Honolulu (Aulani)

view from dinner at Aulani

(writing 2/28/2021) This was our first big trip in the wheelchair in November of 2017. We decided to go to Disney’s Aulani resort because sitting by a pool watching my kid play was about all I could handle in terms of activity. Before I was sick I loved to explore, camp, climb things, stay in hostels, visit cultural sites and get lost in my travels. I had never taken a “resort” vacation where you just “rest” in my life! That said, with the state of my health at that time, that was all I could handle.

The Airport/flight: This was my second time flying, and my first time on a long flight. I learned on the short flight from SF to LA that I need to shell out for business class seats and only go on planes with the lay-down seats if it is over 2 hours. I can’t support my torso even propped up with pillows against the wall of a plane or leaning on my husband for longer than that. My muscles seize and convulse and it crashes me hard. In the lay-down seats I have time to recover from the stress of the airport and I can come out of long travel not too far below my daily baseline. It is the sort of disability tax so many of us have to pay (if we are lucky enough to be able to afford to) to accommodate our conditions.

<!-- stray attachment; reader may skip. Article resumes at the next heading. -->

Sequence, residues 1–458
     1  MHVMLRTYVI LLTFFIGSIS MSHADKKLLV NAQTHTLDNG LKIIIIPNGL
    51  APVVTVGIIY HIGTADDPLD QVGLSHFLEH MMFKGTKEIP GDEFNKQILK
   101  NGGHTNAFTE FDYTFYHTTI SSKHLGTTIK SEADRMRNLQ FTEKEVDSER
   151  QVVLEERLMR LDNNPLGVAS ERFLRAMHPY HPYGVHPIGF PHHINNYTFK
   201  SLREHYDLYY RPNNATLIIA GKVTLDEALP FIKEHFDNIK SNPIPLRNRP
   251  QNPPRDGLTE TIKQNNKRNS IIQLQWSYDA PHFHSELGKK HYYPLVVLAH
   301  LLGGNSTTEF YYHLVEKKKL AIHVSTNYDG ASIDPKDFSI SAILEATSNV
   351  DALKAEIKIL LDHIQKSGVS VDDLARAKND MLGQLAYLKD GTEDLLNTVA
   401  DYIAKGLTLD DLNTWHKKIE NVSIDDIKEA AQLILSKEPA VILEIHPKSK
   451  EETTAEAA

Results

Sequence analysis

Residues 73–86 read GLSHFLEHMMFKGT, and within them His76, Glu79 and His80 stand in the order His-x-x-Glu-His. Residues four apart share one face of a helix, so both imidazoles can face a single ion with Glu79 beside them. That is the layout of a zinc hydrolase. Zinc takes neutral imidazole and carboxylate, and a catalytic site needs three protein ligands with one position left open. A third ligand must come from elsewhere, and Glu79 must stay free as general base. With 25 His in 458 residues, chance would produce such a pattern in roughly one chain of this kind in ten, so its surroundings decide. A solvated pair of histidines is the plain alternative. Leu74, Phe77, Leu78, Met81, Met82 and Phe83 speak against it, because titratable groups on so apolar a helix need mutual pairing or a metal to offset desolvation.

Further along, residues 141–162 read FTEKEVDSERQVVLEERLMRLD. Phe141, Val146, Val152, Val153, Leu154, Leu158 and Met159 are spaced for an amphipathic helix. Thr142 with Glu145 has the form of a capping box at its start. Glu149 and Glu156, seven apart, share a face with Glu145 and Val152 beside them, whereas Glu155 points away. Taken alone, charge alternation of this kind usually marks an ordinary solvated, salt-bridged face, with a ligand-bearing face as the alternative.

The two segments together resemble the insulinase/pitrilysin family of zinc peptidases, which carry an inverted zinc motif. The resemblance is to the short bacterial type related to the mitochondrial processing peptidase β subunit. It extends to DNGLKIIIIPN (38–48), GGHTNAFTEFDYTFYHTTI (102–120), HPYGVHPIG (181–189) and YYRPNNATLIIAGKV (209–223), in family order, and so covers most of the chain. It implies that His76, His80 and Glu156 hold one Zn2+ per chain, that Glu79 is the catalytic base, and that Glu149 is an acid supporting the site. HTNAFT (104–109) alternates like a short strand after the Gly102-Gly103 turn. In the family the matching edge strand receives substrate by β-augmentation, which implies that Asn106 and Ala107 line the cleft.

After the airline broke my chair on the return from LA to SF I was very anxious about getting my chair back at the Honolulu Airport. There was a slight delay that made me anxious enough to crash me (with CFS/ME stress can cause physical crashes), but everything went fine. I have since learned not to stress because stress makes me worse, and to be patient as possible with anything and everything that may happen during travel for my own health.

We rented a van via Wheelers of Hawaii. They were great- very friendly and helpful. Everything worked out, they met us at the airport and the van was perfect. I would check with them about their pick up and drop off hours before booking a flight though.

a man in a grass hat and silly smile, a little girl, Donald Duck in a Hawaiian shirt, and a lady in a wheelchair smiling.